Bret L. Simmons Reply:

    We’ve been led to believe that benchmarking is a good thing, but it is a certain recipe for mediocrity. Do something different and let others benchmark you is a better approach. Thanks, Jim! Bret

    Jim Taggart Reply:

    Love that notion of having others benchmark you. It flips the mindset around, stimulating self-empowerment.

    Bret L. Simmons Reply:

    I know we do it a lot, but don’t you hate trying to copy what others are doing? I do. Thanks, Jim. Bret

  3. Brett, I think that one of your comments has a deeper point that you may not be aware of:

    I’ve been in several situations in my life where I’ve looked around the room at my peers and competition and realized I was not the most talented or intelligent person in the room.

    I think the key thing to take from this, is not that one cannot be the best in every situation, but more that each individual may not be the most talented or intelligent in the area that currently matters. Hence why you feel that lesser status. If placed in another situation with those same individuals, you likely will see that those people fall far short of where you do.

    Comparative advantage is an interesting idea, and is so applicable in the work environment. You need to know your strengths, accept your weaknesses as areas for change, and be willing to have the courage of your convictions to tell everyone that you know what you excel at, and they can do the other things.

    Bret L. Simmons Reply:

    Welcome, Christian. Great point about the contingent nature of excellence. My assumption is that if I find myself in a work or other professional situation, I’m there by choice. That means I do my best to play to my strengths, but I can’t make excuses for my weaknesses. If I ever find myself in a situation where I look around and think to myself that I am the smartest or most talented person in the room, I personally think that spells trouble for several reasons. Thanks! Bret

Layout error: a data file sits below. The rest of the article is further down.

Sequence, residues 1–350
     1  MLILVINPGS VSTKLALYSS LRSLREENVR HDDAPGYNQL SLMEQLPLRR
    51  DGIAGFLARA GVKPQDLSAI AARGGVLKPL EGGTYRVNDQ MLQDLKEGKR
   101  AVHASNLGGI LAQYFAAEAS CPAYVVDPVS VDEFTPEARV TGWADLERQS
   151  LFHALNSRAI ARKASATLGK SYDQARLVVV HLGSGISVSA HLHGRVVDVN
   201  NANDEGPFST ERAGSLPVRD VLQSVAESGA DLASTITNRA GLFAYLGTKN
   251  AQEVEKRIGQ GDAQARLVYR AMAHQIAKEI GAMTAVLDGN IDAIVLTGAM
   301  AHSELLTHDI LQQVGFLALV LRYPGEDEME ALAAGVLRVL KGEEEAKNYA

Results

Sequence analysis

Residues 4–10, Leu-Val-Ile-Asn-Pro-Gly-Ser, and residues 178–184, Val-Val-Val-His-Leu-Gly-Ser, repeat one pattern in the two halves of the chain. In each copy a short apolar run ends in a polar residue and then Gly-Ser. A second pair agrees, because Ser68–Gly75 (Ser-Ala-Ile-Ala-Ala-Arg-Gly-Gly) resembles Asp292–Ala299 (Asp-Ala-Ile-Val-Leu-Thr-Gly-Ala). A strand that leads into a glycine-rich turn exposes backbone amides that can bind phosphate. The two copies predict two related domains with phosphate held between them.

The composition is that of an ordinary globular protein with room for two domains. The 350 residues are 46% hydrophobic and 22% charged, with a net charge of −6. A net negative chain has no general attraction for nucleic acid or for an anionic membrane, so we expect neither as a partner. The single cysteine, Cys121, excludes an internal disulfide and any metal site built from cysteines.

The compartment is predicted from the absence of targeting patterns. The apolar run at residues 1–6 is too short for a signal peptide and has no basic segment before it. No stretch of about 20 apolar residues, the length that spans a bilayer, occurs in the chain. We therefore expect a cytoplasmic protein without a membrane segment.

4. davidburkus says:

    “It’s impossible to be remarkable if you choose not to show up.” – Reminds me of something mad Dad stole from Woody Allen: 90% of success is showing up.

    Bret L. Simmons Reply:

    And I bet Woody stole it from someone else. Thanks, David. Bret

  5. ANSHUL GUPTA says:

    Nice post Bret. n comments are more interesting. Thanks.

    Bret L. Simmons Reply:

    Got some great conversation. Thanks, Bret

  6. Elad Sherf says:

    Great great post. I saved it so I can read it again. I asked myself, what can we actively do to make sure we allow our employees (or students) to live up to these expectations. After all, it is not only but setting them, but also about helping the people we work with make them a reality. Wrote my thoughts about that here: http://bit.ly/gsMRUU
    Thanks so much for sharing!

    Bret L. Simmons Reply:

    I agree, Elad, that we should always be thinking about how we can help others live up to high expectations. Thanks for sharing! Bret

  7. Joe Russo says:

    I’ve always enjoyed this quote, and it seems apropos to your entry…

    “Nothing in the world can take the place of persistence. Talent will not; nothing is more common than unsuccessful men with talent. Genius will not; unrewarded genius is almost a proverb. Education will not; the world is full of educated derelicts. Persistence and determination alone are omnipotent.”

    — Calvin Coolidge

    Bret L. Simmons Reply:

    love that quote Joe. thanks for sharing. I am reading a book right now about the power of making consistent progress, even if the wins are small. thanks. Bret